- specificity is a property of the target tissues
- specific receptors are present
- Ex. gut hormones are gastrin, secretin, CCK, and motilin
description of paracrine?
- released from endocrine cells and diffuse thru extracellular space to the target tissue
- somatostatin (D cells) inhibits gastrin release (G cells)
description of autocrine?
a released substance that regulates the cells own function
description of neurocrine?
sensory cells secrete neurotransmitter
What are the 3 sphincters that divide the GI tract?
- esophageal sphincter - prevents heartburn
- pylorus sphincter - stomach to SI, when closed allows the stomach to have a high acid content
- ileocecal sphincter - bewteen SI and LI, you dont want to lose partially digested food to the LI this prevents that from happening.
What is segmentation reflex and why does it happen?
- mixing of digesta
- contraction of circular muscle
- not propagated in one direction
what is peristalitic reflex and why does it happen?
- programmed by the ENS and moves food down the GI tract
- it is accomplished by the contraction of longtitudinal muscle relaxation of circular muscle and then the opposite.
- moves in one direction
What is the mechanism for contraction throughout the GI tract
- Basic Electrical Rhythm - smooth muscle has an intrinsic rhythm of depolarization and repolarization. Frequency is stomach ever 3 min, duodenum every 12 min, ileum every 9 min
- Contraction occurs when depolarization is high enough to cause an action potential
- Regulation - acetylcholine increases the resting basal membrane potential and stimulates action potentials and contraction, Norepinephrine decreases the resting basal membrane potential and prevents generation of actions potentials and contraction
What is smooth and striated muscle controlled by?
- smooth - myenteric nerve plexus
- striated - somatic nerve
What is the function of the fundus, corpus, and Antrum of the stomach?
- Fundus - store contents by adapting volume
- Corpus - mixing vat for saliva, food and gastric secretions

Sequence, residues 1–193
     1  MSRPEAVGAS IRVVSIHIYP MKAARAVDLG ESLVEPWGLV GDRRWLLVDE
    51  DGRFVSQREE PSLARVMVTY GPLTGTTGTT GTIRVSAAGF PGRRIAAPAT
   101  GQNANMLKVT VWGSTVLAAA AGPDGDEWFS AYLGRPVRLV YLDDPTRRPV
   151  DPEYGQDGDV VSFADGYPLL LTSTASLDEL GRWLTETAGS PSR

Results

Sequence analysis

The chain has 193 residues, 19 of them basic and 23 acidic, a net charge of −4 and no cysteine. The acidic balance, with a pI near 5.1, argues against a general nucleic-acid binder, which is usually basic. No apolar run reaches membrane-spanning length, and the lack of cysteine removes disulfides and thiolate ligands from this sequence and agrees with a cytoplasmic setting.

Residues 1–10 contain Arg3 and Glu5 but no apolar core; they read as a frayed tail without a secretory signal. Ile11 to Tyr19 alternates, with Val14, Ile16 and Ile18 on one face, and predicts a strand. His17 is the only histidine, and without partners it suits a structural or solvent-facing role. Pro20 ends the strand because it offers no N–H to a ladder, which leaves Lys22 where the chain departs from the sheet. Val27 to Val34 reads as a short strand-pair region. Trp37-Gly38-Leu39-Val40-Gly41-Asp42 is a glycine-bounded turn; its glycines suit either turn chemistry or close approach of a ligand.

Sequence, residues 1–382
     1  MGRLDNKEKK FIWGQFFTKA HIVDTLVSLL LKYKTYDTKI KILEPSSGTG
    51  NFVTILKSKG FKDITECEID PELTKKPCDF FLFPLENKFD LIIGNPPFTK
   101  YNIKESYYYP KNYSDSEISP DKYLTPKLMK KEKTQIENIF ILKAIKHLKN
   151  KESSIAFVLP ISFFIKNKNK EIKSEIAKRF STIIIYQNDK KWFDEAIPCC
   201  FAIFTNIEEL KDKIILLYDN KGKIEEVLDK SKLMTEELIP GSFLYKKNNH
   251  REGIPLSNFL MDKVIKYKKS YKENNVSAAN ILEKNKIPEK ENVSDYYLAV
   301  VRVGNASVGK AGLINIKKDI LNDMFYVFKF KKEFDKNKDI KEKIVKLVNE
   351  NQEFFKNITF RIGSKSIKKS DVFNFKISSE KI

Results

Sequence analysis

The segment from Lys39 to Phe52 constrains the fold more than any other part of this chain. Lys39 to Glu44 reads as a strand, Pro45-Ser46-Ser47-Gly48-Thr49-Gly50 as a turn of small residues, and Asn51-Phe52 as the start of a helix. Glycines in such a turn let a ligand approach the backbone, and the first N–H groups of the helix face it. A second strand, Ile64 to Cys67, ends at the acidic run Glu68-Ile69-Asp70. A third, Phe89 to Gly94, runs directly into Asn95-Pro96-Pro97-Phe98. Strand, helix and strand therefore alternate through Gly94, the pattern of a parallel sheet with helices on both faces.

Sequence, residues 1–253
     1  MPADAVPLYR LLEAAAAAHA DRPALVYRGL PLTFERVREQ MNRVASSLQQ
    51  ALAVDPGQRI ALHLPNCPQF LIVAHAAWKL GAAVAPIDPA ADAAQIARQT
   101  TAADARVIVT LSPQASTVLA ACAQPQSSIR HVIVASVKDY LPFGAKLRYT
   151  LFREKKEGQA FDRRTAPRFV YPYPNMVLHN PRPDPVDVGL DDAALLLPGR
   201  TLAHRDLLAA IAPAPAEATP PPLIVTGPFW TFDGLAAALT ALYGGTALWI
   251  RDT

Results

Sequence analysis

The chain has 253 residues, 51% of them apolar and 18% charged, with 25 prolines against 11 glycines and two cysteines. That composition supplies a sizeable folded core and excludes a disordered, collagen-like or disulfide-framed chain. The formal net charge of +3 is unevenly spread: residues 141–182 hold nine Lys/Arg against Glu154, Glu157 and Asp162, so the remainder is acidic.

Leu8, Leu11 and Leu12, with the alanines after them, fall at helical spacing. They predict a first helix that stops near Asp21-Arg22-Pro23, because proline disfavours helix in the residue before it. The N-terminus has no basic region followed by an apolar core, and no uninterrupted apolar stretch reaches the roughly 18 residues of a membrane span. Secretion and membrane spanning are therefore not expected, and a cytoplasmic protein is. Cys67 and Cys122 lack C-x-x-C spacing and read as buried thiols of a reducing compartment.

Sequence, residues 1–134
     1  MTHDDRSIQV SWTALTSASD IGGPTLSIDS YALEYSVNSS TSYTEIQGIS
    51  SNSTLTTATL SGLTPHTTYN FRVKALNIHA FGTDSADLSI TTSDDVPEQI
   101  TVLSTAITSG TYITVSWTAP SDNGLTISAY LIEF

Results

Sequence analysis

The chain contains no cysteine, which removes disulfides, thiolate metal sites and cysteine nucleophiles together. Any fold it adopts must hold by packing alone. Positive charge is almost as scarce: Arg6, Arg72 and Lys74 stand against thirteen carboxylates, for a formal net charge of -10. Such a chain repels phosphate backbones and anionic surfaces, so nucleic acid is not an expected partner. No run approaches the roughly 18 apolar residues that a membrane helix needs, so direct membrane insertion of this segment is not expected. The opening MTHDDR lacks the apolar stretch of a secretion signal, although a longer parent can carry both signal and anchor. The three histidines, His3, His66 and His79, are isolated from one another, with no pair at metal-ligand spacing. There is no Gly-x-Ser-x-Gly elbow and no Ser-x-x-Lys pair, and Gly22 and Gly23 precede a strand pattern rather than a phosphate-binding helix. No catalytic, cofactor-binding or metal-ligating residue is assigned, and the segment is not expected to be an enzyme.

- Antrum - propulsion of food thru the pyloric sphincter to the duodenum
- controlled by distention, and parasympathetic
Why is there lots of folding on the stomach?
allows the stomach to change size and stretch
Factors that increase gastric emptying?
- neural control - distention of gastric wall, increased parasympathetic
- endocrine control (gastrin)
factors decreasing gastric emptying?
- neural control - chemoreceptor, osmoreceptor mechanoreceptor at the duodenum (hypertonicity, H plus)
- increased sympathetic
- endocrine control (CCK, gastric inhibitory peptide, secretin)
What is the segmentation reflex of the SI?
- major type of motility
- mix luminal content
- regulated by ENS
What is the migrating myoelectric complex?
- peristalic activity
- interrupted during feeding in carnivores but not in herbivores
- has 3 phases - 1. quiescent period, 2. irregular contraction, 3. regular contraction
- motilin stimulate stomach and duodenum
- intrinsic nerves stimulates distal duodenum and jejunum
Describe LI motility (functions)?
- functions - microbial digestion, reabsorption of water and electrolytes
- stationary haustral contractions
- peristaltic contractions
- antiperistaltic movement (fill cecum)
- aboral mass movement (evacuate entire length of colon
Why does acid and pepsin not digest the stomach?
- epithelial cells are protected from acid by mucous layer
- mucous secretion increased by: cholinergic stimulation and mechanical stimulation
- bicarbonate secreted by epithelial cells is trapped in the mucous gel